Indonesia’s ban ease in mid-January surprisingly did not hamper Australia’s coal prices
Sources disclosed on 28 January 2022 that the continent’s thermal coal market is expected to see rising interest in the near term. This is despite Indonesia’s easing its export ban, plus Australia’s increasing omicron cases and supply shortage from persistent rains.
Why and how
This came as a surprise for industry observers as many expected Australian coal prices to mellow after Indonesia loosened its export ban on 20 January 2022. When Indonesia suffered critically low inventories in early this year, Australia’s coal value upped as it filled the gap. Some sources revealed the country’s wet weather and omicron spread have limited production at mines, leading to berthing delays at Newcastle.
An Indonesian trader said, “There are supply issues in Australia such as COVID-19 at mines and heavy rains. This has also hampered the ports so there is congestion.” The trader added that Australian coal sellers negotiated long-term contracts with Japan this time of the year and prices remain elevated due to the firm demand.
S&P Global Platts reported the price of Australian 5,500 kcal/kg NAR rose from US$103.50/mt Free on Board (FOB) on 31 December 2021 to US$140/mt FOB on 27 January 2022. Matthew Boyle, Manager for Global Coal, Asia Power and Dry Bulk Freight with Platts Analytics pointed out, “There were rain which impacted logistics, but it is also the end of the summer holiday period, so workforce staff has been on leave. I would argue there is almost no spot coal available anywhere globally at the moment. That is helping to support spot prices at higher levels.”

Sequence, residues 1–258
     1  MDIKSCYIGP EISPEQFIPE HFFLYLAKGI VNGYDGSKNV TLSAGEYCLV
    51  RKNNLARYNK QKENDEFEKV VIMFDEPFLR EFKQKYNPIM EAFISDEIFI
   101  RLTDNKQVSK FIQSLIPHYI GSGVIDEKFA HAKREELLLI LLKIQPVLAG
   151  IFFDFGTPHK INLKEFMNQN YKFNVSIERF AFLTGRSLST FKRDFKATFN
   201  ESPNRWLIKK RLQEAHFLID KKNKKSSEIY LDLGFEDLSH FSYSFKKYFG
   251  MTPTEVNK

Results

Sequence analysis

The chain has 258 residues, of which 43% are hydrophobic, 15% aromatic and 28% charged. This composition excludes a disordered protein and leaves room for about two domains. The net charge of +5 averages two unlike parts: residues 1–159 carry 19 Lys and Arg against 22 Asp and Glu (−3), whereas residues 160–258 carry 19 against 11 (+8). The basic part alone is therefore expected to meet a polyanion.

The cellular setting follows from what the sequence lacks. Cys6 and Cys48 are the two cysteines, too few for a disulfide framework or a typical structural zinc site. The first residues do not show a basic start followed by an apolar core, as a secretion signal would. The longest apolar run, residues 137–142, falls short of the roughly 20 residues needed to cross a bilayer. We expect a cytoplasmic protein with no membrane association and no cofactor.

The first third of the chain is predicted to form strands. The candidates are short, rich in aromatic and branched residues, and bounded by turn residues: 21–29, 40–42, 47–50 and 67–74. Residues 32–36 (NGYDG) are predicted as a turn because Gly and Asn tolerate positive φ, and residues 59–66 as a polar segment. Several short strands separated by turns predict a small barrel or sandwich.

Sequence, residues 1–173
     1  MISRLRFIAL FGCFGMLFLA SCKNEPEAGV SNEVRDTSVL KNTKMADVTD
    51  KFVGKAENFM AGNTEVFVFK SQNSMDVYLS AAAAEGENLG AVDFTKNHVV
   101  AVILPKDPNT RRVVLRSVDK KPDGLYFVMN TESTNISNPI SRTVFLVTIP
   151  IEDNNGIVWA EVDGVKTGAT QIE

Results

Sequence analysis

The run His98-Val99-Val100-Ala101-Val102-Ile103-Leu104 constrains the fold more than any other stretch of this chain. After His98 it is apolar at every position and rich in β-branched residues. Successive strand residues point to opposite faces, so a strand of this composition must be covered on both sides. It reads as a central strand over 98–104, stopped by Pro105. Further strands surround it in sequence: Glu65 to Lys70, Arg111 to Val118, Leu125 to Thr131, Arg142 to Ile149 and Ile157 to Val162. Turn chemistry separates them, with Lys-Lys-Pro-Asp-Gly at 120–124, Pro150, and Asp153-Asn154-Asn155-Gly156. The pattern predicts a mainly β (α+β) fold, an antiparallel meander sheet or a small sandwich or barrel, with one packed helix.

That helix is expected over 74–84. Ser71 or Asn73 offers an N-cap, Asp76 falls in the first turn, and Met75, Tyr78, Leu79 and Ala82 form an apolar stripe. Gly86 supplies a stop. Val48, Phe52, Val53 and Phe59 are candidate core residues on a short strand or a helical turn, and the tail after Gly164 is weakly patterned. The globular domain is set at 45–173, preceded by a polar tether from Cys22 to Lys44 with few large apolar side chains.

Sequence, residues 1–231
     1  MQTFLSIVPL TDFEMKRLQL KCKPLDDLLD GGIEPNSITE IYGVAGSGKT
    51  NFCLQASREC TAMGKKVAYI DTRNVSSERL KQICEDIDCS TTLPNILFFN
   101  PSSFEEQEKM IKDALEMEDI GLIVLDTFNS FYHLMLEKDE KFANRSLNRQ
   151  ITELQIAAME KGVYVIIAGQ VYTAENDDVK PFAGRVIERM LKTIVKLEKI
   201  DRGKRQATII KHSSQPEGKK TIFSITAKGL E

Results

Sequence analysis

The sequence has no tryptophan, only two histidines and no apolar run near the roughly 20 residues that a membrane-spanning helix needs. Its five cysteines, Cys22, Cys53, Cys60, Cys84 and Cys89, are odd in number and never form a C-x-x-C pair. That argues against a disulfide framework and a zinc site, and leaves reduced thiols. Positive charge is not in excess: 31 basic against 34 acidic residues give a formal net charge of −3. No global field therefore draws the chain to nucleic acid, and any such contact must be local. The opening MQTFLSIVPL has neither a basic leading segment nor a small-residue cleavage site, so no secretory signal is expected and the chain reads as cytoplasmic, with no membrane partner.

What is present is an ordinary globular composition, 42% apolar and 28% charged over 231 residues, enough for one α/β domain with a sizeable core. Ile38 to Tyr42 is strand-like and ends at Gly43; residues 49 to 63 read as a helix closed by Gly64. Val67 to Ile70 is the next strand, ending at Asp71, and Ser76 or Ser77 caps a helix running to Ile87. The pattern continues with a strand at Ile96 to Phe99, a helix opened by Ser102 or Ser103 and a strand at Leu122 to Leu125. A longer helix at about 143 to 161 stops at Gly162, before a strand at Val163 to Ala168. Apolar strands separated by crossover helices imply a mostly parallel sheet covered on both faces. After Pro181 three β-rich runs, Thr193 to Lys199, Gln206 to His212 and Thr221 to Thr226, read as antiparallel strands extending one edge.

A quarterly review published by Australia’s Chief Economist’s office projected Australian thermal coal exports to reach 212 million mt in 2022-23. Thermal coal exports stood at 192 million mt in 2020-21. The financial year in Australia runs from July to June. According to a Minerals Council of Australia’s (MCA) report, Australian thermal coal exports have consistently delivered high quality product than Indonesia. That might have also contributed to the elevated prices.
Marine Online News Team
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